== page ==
Popular culture's obsession with the "mass exodus" of Canadian-trained physicians to the U.S. has meant little attention is given to the movement of physicians from one Canadian jurisdiction to another. In particular, physicians appear to be moving "from less prosperous to more prosperous provinces and from rural to urban areas," xii which likely exacerbates real shortages in rural, remote and economically disadvantaged areas.


Over time, annual losses of physicians can add up - if we lose even a handful of physicians each year, in 25 years we will have lost a stock of Canadian-trained doctors. This point merits our attention, for educating our physicians is a costly, time-intensive investment - it costs about $1.5 million to train a doctor, much of which is paid for through taxes. xiii There is also the real concern of physician retention in rural and remote areas. vii To address these problems and ensure Canadian taxpayers are able to benefit from their investment, provincial and federal policy makers should focus on co-ordinated national recruitment and retention strategies to retain and sustain our physician supply in all regions of the country. i


i.Buske L. Canadian Centre for Physician Resources, and Canadian Medical Association. 2007. Analysis of the survey of Canadian graduates practicing in the United States.

ii. Skinner BJ. 2002. Medicare, the medical brain drain and human resource shortages in health care. Atlantic Institute for Market Studies.

iii. Phillips RL. Jr. et al. 2007. "The Canadian contribution to the US physician workforce." Canadian Medical Association Journal; 176(8): 1083-1087.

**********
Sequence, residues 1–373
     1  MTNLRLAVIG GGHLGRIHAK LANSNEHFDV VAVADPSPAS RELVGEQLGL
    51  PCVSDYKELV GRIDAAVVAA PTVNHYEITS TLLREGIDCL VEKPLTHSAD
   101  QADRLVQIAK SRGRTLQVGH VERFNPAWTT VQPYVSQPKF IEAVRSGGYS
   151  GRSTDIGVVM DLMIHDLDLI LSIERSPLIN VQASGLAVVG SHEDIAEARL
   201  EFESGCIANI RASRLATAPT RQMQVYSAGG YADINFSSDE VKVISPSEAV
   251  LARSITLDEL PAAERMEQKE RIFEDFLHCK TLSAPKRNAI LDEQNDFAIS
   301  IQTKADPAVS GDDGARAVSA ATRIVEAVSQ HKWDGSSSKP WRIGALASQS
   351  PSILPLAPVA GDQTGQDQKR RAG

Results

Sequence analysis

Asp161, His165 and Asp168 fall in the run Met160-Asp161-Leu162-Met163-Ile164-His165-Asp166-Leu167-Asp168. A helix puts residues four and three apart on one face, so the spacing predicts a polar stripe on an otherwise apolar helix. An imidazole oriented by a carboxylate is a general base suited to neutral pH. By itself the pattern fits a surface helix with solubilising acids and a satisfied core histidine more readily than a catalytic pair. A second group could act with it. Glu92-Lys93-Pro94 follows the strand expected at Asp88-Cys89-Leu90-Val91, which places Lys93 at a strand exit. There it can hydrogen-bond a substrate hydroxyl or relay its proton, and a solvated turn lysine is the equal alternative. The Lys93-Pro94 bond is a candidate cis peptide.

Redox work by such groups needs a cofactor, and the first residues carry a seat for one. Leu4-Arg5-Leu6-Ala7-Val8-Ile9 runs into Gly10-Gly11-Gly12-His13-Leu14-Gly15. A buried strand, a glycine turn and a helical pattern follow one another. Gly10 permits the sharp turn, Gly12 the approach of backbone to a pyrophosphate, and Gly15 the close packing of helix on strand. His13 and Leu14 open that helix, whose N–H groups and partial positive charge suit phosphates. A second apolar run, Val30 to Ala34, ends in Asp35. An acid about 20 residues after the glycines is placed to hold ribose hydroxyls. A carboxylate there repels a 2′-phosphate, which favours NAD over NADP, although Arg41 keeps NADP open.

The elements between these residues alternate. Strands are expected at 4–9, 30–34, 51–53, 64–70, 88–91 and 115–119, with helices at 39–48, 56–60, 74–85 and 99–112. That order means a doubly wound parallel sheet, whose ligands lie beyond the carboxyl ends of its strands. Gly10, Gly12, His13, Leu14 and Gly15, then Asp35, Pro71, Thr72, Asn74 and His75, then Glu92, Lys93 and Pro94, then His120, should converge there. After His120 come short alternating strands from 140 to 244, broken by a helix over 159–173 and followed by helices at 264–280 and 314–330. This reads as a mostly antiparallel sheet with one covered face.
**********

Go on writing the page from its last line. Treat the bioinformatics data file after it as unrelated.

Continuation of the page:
iv. The Medical Post. 2007, April 17. "As the Ontario government launches a campaign to bring doctors home, the Medical Post explores what they really want."

v. Mullan F. 2005. "The metrics of the physician brain drain." The New England Journal of Medicine; 353(17): 1810-1818.

vi. Council on Graduate Medical Education. Physician workforce policy guidelines for the U.S. for 2000-2020. Rockville, MD: U.S. Department of Health and Human Services: 2005.

vii. Arah OA, Ogbu UC and Okeke CE. 2008. Too poor to leave, too rich to stay; developmental and global health correlates of physician migration to the United States, Canada, Australia, and the United Kingdom. American Journal of Public Health; 98(1): 148-154.

viii. Barer ML and Webber WA. 1999. Immigration and Emigration of Physicians to/from Canada. University of British Columbia; Centre for Health Services and Policy Research: Health Human Resources Unit paper 99:6.

ix. Canadian Institute for Health Information. Scott's Medical Database (SMDB). 2000-2007. Supply, Distribution and Migration of Canadian Physicians, 1999-2006.

x. Canadian Institute for Health Information. 2008. Aggregate data request.*

xi. Labonte R et al. 2004. Fatal indifference: The G8, Africa, and Global Health. University of Cape Town Press/International Development Research Centre.

xii. Dauphinee W and Dale MD. 2006. The circle game: Understanding physician migration patterns within Canada. Academic Medicine. Impact of International Medical Graduates on U.S. and Global Health Care: Proceedings of the 50th Anniversary Invitational Conference of the Educational Commission for Foreign Medical Graduates. 81(12) Supplement: 49-54.

xiii. Valberg LS et al. 1994. "Planning the Future Academic Medical Centre." Canadian Medical Association Journal; 151(11): 1581-1587.

* Part of this document is based on data and information provided by the Canadian Institute for Health Information. However, the analyses, conclusions, opinions and statements expressed herein are those of the Canadian Health Services Research Foundation, and not necessarily those of the Institute.


Mythbusters are prepared by staff at the Canadian Health Services Research Foundation and published only after review by experts on the topic. The Foundation is an independent, not-for-profit corporation. Interests and views expressed by those who distribute this document may not reflect those of the Foundation.